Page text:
Chinese Students' Experiences in American MFA Programs in Digital Arts: How to be Prepared and What to Expect

Chinese Students' Experiences in American MFA Programs in Digital Arts: How to be Prepared and What to Expect

Edmond Salsali (Georgian Court University, USA) and Rebecca Ruige Xu (Syracuse University, USA)
Copyright: © 2017 |Pages: 15
DOI: 10.4018/978-1-5225-0911-0.ch005
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In recent years, the number of Chinese students seeking advanced education in the United States has increased considerably. This paper attempts to compare Chinese students' expectations of the MFA program in digital arts in the U.S. to the actual contents offered by the graduate schools. It addresses the unique challenges they face when pursuing MFA degrees and discuss how they could overcome those challenges to successfully achieve their educational goals, as well as how the MFA programs can assist them in this endeavor. It explains that digital arts curriculums in the US are usually meant to help students achieve an individual approach to the field, while developing their aesthetic and artistic sensibilities through conceptualization. But upon entering graduate schools, Chinese students usually lack proper knowledge of the theory, history, and philosophy of art, which are employed extensively in these programs to engage students in a multidisciplinary practice that emphasizes as much on the conception of the final piece as it does on its technical prowess.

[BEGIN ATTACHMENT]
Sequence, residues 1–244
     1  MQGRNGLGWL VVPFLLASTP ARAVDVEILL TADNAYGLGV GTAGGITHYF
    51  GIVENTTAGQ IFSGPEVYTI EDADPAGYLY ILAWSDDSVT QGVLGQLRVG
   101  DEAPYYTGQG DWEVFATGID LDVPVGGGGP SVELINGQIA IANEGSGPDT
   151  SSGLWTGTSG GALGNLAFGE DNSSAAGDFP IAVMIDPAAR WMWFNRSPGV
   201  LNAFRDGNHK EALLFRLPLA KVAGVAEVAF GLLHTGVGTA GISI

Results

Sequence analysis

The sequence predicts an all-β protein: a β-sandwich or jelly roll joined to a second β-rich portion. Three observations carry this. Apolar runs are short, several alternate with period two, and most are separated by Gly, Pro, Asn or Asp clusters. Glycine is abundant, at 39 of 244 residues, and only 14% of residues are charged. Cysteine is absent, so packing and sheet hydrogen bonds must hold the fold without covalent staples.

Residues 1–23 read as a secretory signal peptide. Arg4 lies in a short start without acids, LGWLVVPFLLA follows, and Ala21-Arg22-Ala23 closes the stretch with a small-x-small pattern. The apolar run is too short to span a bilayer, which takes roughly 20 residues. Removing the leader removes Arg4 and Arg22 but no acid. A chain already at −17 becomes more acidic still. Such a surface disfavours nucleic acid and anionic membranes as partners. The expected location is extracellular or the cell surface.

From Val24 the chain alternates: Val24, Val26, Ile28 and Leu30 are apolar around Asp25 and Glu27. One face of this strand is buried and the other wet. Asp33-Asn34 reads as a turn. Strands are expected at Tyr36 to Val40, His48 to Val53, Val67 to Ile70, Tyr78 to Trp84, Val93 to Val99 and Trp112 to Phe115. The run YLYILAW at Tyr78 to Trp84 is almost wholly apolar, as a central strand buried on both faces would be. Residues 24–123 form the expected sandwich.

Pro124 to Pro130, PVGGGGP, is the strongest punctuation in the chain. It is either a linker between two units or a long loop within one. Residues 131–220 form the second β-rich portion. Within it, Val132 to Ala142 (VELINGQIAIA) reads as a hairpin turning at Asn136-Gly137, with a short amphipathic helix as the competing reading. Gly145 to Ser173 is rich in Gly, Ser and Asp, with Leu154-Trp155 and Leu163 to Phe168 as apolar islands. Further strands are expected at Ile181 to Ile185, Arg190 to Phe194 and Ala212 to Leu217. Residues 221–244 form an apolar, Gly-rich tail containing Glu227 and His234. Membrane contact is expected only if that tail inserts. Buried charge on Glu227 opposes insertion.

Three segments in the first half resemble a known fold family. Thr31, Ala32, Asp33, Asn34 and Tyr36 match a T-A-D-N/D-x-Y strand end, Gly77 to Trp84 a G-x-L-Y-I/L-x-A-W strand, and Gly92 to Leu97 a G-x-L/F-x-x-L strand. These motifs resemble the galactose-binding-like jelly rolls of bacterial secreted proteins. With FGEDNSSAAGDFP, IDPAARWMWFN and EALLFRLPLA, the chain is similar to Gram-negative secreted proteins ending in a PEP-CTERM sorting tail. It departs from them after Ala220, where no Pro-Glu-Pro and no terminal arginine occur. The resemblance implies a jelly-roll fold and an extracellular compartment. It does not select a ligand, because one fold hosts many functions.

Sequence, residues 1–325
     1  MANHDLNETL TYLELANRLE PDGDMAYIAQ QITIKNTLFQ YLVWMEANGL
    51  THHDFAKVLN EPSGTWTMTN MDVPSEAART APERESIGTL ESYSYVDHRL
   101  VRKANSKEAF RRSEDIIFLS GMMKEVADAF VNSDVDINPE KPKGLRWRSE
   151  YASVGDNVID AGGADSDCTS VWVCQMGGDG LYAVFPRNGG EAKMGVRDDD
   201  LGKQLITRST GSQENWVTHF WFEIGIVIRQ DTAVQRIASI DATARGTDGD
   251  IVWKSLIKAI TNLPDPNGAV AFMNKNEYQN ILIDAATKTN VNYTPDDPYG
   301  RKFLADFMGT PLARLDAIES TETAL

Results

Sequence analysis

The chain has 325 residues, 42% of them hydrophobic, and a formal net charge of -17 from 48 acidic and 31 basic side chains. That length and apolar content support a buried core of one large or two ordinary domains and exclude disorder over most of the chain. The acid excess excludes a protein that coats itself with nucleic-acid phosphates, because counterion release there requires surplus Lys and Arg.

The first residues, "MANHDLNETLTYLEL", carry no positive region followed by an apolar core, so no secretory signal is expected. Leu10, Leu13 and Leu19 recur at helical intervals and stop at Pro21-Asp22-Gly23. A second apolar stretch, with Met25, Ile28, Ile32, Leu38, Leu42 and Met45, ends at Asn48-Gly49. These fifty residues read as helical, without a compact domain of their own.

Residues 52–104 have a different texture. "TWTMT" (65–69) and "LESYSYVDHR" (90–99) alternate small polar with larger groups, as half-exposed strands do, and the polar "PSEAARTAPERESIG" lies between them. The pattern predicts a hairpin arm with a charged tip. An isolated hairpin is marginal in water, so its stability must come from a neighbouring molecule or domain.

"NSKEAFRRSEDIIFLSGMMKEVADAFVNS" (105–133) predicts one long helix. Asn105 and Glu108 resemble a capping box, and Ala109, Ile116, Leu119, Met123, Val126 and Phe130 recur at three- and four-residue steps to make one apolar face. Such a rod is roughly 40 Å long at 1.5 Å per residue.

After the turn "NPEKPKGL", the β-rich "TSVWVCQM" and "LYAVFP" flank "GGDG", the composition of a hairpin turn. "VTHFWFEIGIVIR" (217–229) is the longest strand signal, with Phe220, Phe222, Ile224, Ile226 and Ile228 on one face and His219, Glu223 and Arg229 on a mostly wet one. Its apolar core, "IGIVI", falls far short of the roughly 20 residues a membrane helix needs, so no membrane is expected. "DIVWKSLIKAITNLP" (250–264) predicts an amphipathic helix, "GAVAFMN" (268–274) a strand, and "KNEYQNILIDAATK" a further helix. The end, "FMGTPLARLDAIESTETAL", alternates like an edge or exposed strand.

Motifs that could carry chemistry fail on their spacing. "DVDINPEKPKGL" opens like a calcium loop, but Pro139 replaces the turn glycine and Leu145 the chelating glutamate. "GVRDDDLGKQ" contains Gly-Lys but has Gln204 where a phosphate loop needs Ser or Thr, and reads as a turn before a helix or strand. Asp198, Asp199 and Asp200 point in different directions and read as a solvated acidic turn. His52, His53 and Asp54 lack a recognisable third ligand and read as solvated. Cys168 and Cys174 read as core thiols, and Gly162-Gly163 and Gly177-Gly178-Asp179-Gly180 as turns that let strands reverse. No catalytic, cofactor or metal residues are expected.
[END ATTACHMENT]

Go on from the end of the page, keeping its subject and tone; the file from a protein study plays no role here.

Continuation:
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Artists began experimenting with computers to create artworks since the 1950s. The first computer art show entitled Computer Generated Pictures was held at the Howard Wise Gallery in New York in 1965. This exhibition was strongly influenced by contemporary art movements and popular culture. Moreover, since many forms of digital arts heavily rely on interactivity and viewers’ participation, art historians have often related their roots to the Dada and Fluxus art movements, in which audience participation was already important. As Christiane Paul (2008) mentions: “digital art did not develop in an art-historical vacuum, but has strong connections to previous art movements, among them Dada, Fluxus, and conceptual art. The importance of these movements resides in their emphasis on formal instructions and in their focus on concept, event, and audience participation, as opposed to unified material objects” (p. 11).

It wasn’t until the arrival of personal computers that a significant rise in the number of different genres of computer related artworks became noticeable. Since then, curators have referred to these forms of arts as “computer arts,” “new media arts,” or “digital arts.” They typically include computer generated imagery, computer animation, physical computing, creative computer programming, digital music, sonic art, visual effects, gaming, virtual reality, and other interactive art forms. With constant expansion of digital technologies, new art genres continue to emerge each day, including robotic art, bio art, intelligent art, etc.

Similarly to their traditional counterparts, all these digital art practices expand beyond simple adoption of new tools, to address expressive or conceptual creative objectives, and respond to the artistic queries raised by individuals. Therefore, the artists’ responsibilities are not limited to learn the practical aspects of using the tools, which could be a tedious task on its own, but they also need to develop a deep understanding of the underlying conceptual art theories and concepts.

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